5. If you build a web site entirely in Flash, you don’t deserve to have access the iPhone/iPad market share.

    Flash is great for a couple of things (like animations and animated presentations), but for the most part it’s a steaming pile of buggy junk.

    I’d actually feel different about this if Adobe open sourced Flash and allowed developers to fix the bugs, optimize the code, extend the platform, and build fast native versions of it for any mobile OS – including the iPhone OS.

  6. Apple has already lost this one. Even if Flash were abandoned today, there are still too many websites, games, and videos that use it that it can’t be avoided. They were able to get away with it on the iPhone because people who bought it were coming from dumbphones or smartphones without Flash. But people buying an iPad will be expecting the functionality of a computer not a broken internet.

    As an aside, Apple didn’t kill off the floppy disc. The floppy disc was a popular and useful technology for several years after the first disc-less iMac in 1998. In fact external floppy drives for the iMac were quite popular.

  7. Lack of Flash will be a bigger problem for the iPad than the iPhone. I’ve seen some things I’d want to use Flash for on the iPad, like the NYT graphics and some other interactive sites. I’ve never seen a Flash site I cared to see on the iPhone.

    Flash is a great technology for a limited number of things but it’s overused. I don’t go to a restaurant web site to see Flash animations, I go to find locations and menus. You don’t need Flash for that, but a lot of restaurants have Flash sites. This is really frustrating on the phone, but it would be more frustrating if my phone crashed or froze on Flash.

    Killing Flash would be going too far, but it seems to me that at least half the sites that use it will be better off without it, and that my user experience would be significantly improved on both phone and laptop if the practice of building sites in Flash was curtailed.

  8. If one of your Flash examples is a video, and another one looks like it might be easier as an imagemap with Javascript popups, you haven’t made a compelling case for Flash at all.

  9. Oh wait, the budget thing is zoomable. Well, that’s kind of cool. The netflix breakdown also was pretty cool. Those are good examples of Flash applications.

    But video delivery isn’t an argument for Flash. It’s an argument against it.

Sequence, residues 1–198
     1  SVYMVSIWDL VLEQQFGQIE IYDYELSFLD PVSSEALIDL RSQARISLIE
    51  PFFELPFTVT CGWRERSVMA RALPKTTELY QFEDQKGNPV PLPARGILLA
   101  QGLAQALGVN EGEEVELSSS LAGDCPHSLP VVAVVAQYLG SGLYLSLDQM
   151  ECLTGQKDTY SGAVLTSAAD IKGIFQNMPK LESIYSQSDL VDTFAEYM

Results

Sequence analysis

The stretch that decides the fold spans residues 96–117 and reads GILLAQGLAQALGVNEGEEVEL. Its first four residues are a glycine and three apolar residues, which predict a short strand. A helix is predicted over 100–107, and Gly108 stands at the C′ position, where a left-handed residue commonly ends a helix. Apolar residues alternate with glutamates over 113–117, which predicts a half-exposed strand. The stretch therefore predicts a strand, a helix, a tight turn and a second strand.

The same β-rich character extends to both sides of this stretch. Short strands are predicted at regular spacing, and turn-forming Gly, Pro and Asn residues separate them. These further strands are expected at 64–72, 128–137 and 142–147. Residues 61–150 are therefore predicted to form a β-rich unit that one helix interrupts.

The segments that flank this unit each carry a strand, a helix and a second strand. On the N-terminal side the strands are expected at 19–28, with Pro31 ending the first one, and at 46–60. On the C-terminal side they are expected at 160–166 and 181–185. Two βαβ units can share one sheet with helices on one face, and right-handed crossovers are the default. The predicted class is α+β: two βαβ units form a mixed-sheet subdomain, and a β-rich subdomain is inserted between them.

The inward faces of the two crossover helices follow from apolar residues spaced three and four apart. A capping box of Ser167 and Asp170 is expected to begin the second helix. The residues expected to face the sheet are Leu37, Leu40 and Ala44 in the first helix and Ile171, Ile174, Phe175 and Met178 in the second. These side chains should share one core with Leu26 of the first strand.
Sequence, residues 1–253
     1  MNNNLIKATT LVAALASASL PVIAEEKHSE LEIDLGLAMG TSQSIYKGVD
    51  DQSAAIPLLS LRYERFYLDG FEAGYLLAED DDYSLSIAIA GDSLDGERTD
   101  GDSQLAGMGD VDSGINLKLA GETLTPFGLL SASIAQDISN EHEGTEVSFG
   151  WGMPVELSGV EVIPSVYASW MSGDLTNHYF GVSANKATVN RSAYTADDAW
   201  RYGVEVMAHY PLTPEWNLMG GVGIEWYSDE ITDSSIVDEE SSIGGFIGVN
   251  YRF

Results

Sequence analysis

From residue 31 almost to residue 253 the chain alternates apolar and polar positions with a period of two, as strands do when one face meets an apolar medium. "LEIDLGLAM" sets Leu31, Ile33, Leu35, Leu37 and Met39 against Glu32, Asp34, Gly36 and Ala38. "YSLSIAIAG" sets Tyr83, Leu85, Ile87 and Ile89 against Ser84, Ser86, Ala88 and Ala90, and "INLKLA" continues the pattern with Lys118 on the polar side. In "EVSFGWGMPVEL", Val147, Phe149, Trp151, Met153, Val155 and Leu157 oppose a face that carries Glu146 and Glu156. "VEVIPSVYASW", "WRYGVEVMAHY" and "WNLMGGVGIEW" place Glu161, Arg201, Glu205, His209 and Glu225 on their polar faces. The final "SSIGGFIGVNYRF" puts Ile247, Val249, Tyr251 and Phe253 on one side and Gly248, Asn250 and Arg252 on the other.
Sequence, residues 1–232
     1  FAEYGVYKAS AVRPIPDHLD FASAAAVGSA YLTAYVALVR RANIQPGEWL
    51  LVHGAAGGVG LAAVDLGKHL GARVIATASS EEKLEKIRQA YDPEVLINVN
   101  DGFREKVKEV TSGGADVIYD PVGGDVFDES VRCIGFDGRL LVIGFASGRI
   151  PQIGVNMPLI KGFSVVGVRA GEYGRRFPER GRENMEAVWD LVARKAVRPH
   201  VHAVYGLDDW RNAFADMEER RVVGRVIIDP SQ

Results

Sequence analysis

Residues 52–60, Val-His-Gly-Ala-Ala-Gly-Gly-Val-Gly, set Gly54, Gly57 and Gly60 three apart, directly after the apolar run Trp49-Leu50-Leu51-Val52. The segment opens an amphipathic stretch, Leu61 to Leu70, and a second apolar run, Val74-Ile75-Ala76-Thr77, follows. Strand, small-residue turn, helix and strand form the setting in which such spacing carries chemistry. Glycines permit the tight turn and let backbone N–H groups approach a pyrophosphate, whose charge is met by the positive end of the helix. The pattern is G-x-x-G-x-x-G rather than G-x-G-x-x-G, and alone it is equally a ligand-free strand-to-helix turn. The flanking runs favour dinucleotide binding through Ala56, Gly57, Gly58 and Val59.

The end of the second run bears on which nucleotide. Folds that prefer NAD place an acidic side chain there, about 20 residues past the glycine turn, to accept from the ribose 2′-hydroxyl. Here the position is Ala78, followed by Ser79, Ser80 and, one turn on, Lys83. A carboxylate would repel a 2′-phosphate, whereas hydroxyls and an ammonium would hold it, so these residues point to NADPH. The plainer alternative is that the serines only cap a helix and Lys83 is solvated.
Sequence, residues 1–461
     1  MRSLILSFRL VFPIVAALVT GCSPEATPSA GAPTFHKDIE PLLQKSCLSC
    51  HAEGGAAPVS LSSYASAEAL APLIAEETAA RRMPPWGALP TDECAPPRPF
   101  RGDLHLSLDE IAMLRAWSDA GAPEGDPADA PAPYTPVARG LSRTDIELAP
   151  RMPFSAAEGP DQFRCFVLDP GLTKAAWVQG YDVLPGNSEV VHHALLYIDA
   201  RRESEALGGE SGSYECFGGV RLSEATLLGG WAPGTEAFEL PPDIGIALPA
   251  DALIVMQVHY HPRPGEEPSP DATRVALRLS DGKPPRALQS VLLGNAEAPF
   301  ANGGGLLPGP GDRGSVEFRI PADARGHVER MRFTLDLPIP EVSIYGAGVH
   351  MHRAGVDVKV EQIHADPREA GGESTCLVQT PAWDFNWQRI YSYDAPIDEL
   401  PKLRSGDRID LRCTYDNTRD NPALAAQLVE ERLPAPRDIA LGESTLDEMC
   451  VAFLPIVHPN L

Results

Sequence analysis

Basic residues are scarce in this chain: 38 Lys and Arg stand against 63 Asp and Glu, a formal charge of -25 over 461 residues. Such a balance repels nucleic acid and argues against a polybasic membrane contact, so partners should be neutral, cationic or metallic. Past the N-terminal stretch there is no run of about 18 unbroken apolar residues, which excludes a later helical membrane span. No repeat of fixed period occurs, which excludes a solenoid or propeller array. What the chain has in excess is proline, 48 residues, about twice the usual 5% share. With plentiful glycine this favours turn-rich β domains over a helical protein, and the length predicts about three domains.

10. The sports presentation is a video, yes, but I’m thinking more here of the authoring effort required to build the video. It’s a hell of a lot easier for an experienced Flash developer to turn something like that around overnight than it is for an experienced Web developer, although I do take the point that you could create the presentation in Flash and then use HTML5 to embed it.

  11. My impression is that Javascript is getting to the point where all the Flash magic is doable in JS. Yes it’s harder–for now. It’s just a question of when the tools, libraries, and performance catch up. From what I see with all the new JS vector libraries popping up like mad, and the performance improvements of Safari and Chrome on the JS front, the tools are the only thing that is missing an obvious path forward.

  12. Flash has already lost, for reasons Bill Higgins has already covered, but I’ll re-iterate.

    Apple is not going to allow Flash web content on the iPhone or iPad, ever. I use the awkward phrase “Flash web content” because they already have apps in the store that were created with Adobe’s Flash tools and then compiled down to something that runs on the iPhone. These will apparently also run on Android and possibly other platforms. I don’t see Apple blocking these so your accusation about Apple blocking from fear of porting is, at least currently, untrue and applies to several other app-building techniques, using Mono or HTML5 for example.

    But Flash on the web will not be seen on these devices unless Apple is forced to make an embarrassing backtrack on this issue. They appear to be going out of their way to leak their annoyance at Adobe. I agree with Bill that there is zero chance of this backtrack happening unless the iPhone tanks completely and I’ve not seen much argument from Adobe supporters that they think this is going to happen either.

    So if people want their videos to play on these devices they’ll need to deliver them via both Flash and HTML5 video. This is trivial to do and you’d have to be as firmly against HTML5 video as Jobs is against Flash to not make this simple change to reach this half a percent of your audience.